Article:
Wells Fargo Advisors will pay $7 million in a settlement with the Securities and Exchange Commission over charges that the broker-dealer failed to file certain suspicious activity reports in a timely manner, a compliance issue initially discovered by the Financial Industry Regulatory Authority, an SEC filing said.

According to the filing, the compliance issue stemmed from Wells Fargo’s implementation of a new version of its internal anti-money laundering system (AML) and then the failure to sufficiently test and monitor it. Following the computer program update, the firm-wide system no longer correctly cross-referenced country codes used by the National Geospatial-Intelligence Agency with those of the International Organization for Standardization.

“Due to the deficient implementation and failure to test and conduct sufficient monitoring of the new AML system between January and September 2019, the system did not generate timely alerts for approximately 1,708 brokerage transactions,” the filing said. “Wells Fargo Advisors consequently failed to timely surveil or investigate certain suspicious activity related to foreign wire transfers in its customers’ accounts.”

In addition, between about April 2017 and October 2021, Wells Fargo Advisors also failed to file suspicious activity reports (SARs) in certain situations, such as on days when there was a bank holiday without a corresponding brokerage holiday, the SEC said.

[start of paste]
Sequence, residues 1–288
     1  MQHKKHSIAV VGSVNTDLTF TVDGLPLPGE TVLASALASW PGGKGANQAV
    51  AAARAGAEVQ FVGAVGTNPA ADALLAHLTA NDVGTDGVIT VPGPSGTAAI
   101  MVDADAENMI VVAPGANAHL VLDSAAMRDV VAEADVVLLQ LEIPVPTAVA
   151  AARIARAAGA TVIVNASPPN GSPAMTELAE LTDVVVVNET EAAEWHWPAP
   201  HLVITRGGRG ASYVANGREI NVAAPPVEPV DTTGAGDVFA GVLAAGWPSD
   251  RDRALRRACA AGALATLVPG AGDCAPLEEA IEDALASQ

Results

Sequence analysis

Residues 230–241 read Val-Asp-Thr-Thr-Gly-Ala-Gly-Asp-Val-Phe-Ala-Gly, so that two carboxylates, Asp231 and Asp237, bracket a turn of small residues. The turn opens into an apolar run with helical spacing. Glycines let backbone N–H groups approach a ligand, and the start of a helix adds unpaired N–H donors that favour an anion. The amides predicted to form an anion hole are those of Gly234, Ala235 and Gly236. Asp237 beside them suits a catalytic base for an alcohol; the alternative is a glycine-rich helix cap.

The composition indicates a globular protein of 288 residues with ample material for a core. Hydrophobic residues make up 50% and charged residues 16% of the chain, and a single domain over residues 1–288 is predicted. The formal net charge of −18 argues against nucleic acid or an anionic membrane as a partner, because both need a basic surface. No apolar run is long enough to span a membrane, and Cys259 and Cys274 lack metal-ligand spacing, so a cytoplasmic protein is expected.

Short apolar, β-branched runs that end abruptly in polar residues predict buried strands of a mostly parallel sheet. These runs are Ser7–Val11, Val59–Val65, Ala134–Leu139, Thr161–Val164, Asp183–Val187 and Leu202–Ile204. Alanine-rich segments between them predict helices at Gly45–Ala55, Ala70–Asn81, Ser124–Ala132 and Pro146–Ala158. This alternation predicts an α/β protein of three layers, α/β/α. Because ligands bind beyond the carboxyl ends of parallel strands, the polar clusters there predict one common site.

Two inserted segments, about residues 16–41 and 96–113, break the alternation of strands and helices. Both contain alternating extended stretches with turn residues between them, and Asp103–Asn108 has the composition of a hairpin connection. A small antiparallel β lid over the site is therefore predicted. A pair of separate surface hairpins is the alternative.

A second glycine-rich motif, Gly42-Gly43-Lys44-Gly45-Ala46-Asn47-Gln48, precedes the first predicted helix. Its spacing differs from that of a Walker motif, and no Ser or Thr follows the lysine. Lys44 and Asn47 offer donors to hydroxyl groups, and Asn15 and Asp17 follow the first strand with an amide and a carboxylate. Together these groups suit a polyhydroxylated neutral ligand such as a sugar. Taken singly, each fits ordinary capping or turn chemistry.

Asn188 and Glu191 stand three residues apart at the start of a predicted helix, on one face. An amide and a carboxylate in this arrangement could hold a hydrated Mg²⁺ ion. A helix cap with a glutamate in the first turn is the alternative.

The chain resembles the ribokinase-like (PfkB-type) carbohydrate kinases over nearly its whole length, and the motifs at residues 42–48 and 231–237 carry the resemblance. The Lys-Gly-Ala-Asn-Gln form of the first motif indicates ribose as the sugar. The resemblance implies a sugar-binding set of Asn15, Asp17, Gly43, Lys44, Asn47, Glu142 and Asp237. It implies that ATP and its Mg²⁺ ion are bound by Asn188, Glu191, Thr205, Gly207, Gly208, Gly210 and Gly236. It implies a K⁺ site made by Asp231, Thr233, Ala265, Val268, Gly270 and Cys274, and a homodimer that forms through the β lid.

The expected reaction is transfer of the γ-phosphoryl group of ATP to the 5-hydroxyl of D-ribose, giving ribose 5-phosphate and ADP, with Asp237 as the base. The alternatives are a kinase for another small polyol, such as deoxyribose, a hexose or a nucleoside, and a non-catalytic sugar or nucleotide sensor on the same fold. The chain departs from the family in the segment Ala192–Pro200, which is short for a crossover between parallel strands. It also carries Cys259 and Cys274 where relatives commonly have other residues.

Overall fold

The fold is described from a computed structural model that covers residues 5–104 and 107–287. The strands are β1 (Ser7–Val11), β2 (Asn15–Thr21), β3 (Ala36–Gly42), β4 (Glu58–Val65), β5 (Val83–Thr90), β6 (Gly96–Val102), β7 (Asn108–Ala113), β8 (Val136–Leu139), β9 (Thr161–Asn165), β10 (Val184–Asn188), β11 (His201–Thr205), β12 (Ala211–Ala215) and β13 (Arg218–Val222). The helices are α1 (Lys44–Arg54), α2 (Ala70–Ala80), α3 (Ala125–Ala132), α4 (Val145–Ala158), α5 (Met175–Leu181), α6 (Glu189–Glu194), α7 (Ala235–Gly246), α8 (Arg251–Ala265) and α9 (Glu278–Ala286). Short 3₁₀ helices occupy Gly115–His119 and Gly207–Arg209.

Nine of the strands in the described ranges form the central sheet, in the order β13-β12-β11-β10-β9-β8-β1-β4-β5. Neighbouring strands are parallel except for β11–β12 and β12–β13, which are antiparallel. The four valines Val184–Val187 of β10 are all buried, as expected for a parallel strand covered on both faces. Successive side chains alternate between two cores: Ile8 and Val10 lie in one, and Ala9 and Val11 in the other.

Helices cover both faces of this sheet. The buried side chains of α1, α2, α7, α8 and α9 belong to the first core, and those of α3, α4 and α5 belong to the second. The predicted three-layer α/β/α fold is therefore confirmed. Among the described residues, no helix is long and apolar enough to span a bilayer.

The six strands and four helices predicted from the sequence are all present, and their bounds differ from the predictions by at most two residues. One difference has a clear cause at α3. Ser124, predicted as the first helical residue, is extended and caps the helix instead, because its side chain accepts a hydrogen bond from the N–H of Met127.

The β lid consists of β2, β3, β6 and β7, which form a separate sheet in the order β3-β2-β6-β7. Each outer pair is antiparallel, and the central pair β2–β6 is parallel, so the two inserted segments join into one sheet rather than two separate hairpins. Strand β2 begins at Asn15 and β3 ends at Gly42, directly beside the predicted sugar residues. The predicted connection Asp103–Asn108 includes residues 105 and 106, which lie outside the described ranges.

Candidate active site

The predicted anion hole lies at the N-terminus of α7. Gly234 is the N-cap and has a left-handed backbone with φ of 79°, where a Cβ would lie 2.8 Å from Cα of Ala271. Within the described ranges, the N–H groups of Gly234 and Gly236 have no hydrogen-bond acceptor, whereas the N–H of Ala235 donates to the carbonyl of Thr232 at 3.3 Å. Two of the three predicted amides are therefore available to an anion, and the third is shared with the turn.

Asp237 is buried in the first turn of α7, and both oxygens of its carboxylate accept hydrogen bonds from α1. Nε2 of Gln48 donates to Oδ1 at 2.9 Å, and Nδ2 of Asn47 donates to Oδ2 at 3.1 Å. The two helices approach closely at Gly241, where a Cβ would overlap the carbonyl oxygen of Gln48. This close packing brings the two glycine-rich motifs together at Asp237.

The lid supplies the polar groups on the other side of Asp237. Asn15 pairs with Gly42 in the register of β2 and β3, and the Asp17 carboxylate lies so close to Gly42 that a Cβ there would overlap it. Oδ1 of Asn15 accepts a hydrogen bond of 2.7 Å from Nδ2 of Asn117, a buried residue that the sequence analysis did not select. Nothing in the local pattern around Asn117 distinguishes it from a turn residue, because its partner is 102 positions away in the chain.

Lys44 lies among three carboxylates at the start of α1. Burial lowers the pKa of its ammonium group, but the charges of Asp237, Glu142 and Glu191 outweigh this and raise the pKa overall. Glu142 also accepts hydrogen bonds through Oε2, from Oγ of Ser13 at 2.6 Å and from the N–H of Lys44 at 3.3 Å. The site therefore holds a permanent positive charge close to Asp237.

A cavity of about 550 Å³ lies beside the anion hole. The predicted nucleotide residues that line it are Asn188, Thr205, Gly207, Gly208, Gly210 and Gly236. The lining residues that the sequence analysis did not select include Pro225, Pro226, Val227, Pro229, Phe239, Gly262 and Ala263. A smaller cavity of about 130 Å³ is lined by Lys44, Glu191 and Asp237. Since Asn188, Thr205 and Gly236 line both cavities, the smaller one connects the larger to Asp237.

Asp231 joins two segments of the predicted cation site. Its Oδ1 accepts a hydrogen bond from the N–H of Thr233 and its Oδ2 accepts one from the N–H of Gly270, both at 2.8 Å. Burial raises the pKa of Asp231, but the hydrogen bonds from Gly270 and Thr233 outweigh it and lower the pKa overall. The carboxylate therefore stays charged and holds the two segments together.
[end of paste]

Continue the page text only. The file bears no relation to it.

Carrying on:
Wells Fargo, headquartered in St. Louis, could not be reached by press time.

The discovery of the failed alert system came in September 2019, when Finra asked for information on wire transfers greater than $5,000 either to or from countries considered a high or moderate risk for money laundering, terrorist activity or other illegal actions involving money, the filing said. The request was routine. The countries included Costa Rica, Turkey, Honduras, the British Virgin Islands, Antigua, Cayman Islands, Ukraine and Guernsey.

Finra identified transactions that met the anti-money-laundering system’s requirements but failed to trigger the expected system alerts. It was then that Wells Fargo realized the new version of the system was not cross-referencing country codes when monitoring transactions, and the company started working on a fix, the filing said.

However, in 2019, the system should have generated alerts for 1,708 brokerage transactions that involved wire transfers. Upon further analysis, 25 of those transactions, ranging from $29,980 to $2.5 million, should have generated a suspicious activity report.

Another 658 alerts failed to be generated between 2017 and 2021 on days when there was a bank holiday but no brokerage holiday. Among those alerts, there were nine wire transfers that should have generated a suspicious activity report. In this case, the transfer amounts ranged from $10,480 to $6.2 million.

In determining the fine, the SEC said it took into account Wells Fargo’s cooperation and remediation efforts.